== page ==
The former Ohio governor saw the impact the Rock and Roll Hall of Fame had on Cleveland and hopes the U.S. Olympic & Paralympic Museum will do the same for Colorado Springs
By Josh Barr
Dick Celeste arrived in Colorado Springs in 2002 as the president of Colorado College and saw the opportunity for his new city to make a big splash.
Celeste’s resume was vast: member of the Ohio House of Representatives, director of the Peace Corps, two-term governor of Ohio, United States ambassador to India.
It was during Celeste’s tenure as the governor of Ohio that the Rock and Roll Hall of Fame was conceived in Cleveland. He saw the impact it made on that city, revitalizing downtown and becoming a source of pride. When Celeste got to Colorado Springs – since 1978 the home of what is now known as the U.S. Olympic & Paralympic Committee and the U.S. Olympic & Paralympic Training Center – Celeste met with local economic development leaders and wondered aloud why there was not a museum dedicated to the Olympic and Paralympic movements.
Nearly a decade later, having retired from Colorado College, Celeste revisited the idea. There was buy-in from local government and philanthropic leaders. Slowly but surely, plans came into place. And now, eight years later, the U.S. Olympic & Paralympic Museum is set to open as the first museum dedicated to the nation’s Olympic and Paralympic athletes and their stories and history.
“It was an honest and real vision,” Celeste said. “We had to work to make it reality, but it wasn’t like this is pie in the sky. You know, I wasn’t going out [to raise money] with some startup that nobody ever heard of before that might work or might not work.
“I mean, this is the Olympic Movement and the Paralympic Movement. These people are real and the values are real, and everybody understands that.”
Said Museum Chief Executive Officer Christopher Liedel: “We are extremely fortunate to have Dick Celeste on our team. He had the foresight as well as the wherewithal to take this idea and turn it into this incredible monument to our nation’s Olympic and Paralympic athletes.”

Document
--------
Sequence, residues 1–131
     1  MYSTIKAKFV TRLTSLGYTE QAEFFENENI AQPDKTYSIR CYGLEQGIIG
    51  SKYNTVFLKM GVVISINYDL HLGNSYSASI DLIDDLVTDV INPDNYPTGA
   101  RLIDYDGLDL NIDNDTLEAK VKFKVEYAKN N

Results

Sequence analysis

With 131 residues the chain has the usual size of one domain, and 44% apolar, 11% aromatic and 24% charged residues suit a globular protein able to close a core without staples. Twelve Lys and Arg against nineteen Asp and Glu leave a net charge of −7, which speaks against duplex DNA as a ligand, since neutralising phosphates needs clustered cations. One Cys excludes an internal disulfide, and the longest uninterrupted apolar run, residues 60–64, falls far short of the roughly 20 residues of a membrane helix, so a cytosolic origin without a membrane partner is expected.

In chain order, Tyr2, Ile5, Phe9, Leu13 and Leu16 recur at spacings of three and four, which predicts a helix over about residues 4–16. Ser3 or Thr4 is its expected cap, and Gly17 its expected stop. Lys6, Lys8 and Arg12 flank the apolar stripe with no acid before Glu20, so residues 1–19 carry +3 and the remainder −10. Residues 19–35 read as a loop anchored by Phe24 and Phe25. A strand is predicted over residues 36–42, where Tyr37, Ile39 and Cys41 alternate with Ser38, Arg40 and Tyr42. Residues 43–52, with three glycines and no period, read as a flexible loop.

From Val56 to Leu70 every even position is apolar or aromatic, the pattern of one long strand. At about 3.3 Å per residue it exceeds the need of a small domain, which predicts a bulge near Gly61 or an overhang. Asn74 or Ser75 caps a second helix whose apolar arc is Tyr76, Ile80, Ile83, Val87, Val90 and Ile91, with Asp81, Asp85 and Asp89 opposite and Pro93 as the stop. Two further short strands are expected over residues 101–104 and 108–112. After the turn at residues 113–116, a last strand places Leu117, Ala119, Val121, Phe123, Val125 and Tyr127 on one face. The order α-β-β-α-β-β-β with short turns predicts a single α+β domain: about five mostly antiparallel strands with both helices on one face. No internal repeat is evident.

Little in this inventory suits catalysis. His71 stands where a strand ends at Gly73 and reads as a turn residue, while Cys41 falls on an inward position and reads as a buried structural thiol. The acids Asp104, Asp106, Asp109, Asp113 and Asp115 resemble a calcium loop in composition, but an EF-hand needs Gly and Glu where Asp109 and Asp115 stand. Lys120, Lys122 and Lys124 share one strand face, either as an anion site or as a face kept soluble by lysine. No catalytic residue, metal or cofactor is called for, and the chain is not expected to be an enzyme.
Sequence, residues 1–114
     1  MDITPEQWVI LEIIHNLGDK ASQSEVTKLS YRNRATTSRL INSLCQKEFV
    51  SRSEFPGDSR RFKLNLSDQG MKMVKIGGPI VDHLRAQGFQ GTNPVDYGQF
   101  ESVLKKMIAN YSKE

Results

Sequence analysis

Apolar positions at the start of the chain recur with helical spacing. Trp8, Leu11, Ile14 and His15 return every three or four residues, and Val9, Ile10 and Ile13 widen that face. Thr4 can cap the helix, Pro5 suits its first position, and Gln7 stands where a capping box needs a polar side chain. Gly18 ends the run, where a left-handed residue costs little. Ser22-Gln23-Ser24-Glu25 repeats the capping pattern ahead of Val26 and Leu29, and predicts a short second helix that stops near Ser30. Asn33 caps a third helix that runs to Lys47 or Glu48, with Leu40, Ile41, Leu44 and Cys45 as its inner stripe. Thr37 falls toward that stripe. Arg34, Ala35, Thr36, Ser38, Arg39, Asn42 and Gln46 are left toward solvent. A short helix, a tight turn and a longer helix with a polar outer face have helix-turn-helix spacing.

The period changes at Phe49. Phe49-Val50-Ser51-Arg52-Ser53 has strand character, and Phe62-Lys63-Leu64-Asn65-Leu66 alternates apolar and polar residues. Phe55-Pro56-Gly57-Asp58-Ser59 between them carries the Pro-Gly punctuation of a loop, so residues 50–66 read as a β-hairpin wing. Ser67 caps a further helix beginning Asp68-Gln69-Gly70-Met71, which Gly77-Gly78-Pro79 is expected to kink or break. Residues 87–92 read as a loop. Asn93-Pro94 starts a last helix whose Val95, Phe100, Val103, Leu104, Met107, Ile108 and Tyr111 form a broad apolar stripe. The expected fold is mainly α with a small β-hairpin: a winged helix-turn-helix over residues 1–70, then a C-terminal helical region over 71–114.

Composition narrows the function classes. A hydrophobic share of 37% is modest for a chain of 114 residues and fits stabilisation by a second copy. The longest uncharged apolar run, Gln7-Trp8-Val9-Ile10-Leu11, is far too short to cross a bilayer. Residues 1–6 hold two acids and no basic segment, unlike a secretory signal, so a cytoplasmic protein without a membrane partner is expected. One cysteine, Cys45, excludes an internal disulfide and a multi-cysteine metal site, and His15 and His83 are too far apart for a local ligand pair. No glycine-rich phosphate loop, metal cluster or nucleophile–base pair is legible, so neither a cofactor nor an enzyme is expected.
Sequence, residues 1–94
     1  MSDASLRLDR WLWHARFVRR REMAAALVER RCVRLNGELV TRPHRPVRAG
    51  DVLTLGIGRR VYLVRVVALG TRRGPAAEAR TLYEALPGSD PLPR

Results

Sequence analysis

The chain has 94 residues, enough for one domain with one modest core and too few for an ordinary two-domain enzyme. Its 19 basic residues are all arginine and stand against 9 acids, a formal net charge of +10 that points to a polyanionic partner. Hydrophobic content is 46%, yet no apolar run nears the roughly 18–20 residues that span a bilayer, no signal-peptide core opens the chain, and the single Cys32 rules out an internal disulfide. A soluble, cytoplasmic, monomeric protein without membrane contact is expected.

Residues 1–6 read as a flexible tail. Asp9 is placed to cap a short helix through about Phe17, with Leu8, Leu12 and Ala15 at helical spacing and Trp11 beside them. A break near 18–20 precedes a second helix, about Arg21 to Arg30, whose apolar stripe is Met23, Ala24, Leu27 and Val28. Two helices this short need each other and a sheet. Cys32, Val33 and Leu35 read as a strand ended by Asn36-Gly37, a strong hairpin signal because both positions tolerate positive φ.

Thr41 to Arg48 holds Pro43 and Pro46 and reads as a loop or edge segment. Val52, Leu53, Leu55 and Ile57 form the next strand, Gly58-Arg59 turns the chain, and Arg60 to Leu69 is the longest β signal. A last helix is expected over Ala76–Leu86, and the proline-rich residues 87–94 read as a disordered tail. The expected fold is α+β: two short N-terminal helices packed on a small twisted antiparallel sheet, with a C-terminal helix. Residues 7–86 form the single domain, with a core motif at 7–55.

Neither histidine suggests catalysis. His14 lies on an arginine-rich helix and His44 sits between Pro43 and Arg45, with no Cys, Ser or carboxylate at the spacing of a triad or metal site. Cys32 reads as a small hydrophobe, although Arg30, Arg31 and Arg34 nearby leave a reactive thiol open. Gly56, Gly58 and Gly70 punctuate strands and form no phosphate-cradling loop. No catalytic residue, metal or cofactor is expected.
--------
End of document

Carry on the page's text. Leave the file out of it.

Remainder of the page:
Listen: Dick Celeste talks about why he thought a museum dedicated to the Olympics and Paralympics could succeed
A decade in the making, Celeste is the Museum’s founding chairman. What started as a meeting with then newly-elected mayor Steve Bach in 2011, blossomed into a small working group, which received a grant for a feasibility study that was matched and provided the impetus.
“Fortunately, at that time nobody had told me there had been previous efforts to raise funds and build a museum and that those efforts had fallen flat,” Celeste said. “To me it was a completely fresh idea.”
The feasibility study examined attractions in the region, identified potential sites and considered the economic viability of a museum. The results were favorable.
The next step was critical, Celeste said: Coming to a longterm agreement with the then-U.S. Olympic Committee, which would help with the ability to acquire artifacts and boost the group’s standing when approaching potential donors.
“My father had an expression that he would share with me: ‘Don’t chase goat feathers,’ ” Celeste said. “By that, he meant don’t chase something that isn’t concrete, that isn’t real. And I felt asking people for substantial sums of money without a commitment from the U.S. Olympic Committee would be extremely difficult and really wasn’t responsible.”
Subsequently, a nonprofit organization was formed. A board of directors was recruited. Fundraising commenced.
Once enough money was raised, an architect was hired, with the goal of creating a statement building.
The groundbreaking ceremony was held in 2017 and the result is a gleaming, 60,000-square foot building in the southwest part of downtown that is set to open to the public.
“There should be enormous community pride in the Museum,” Celeste said. “it’s there because the community responded to a vision. And I think people are going to be incredibly proud of it. My view is it’s going to be on the bucket list of every person who hears about it in our country: ‘I have to see that museum, I have to experience it.’ “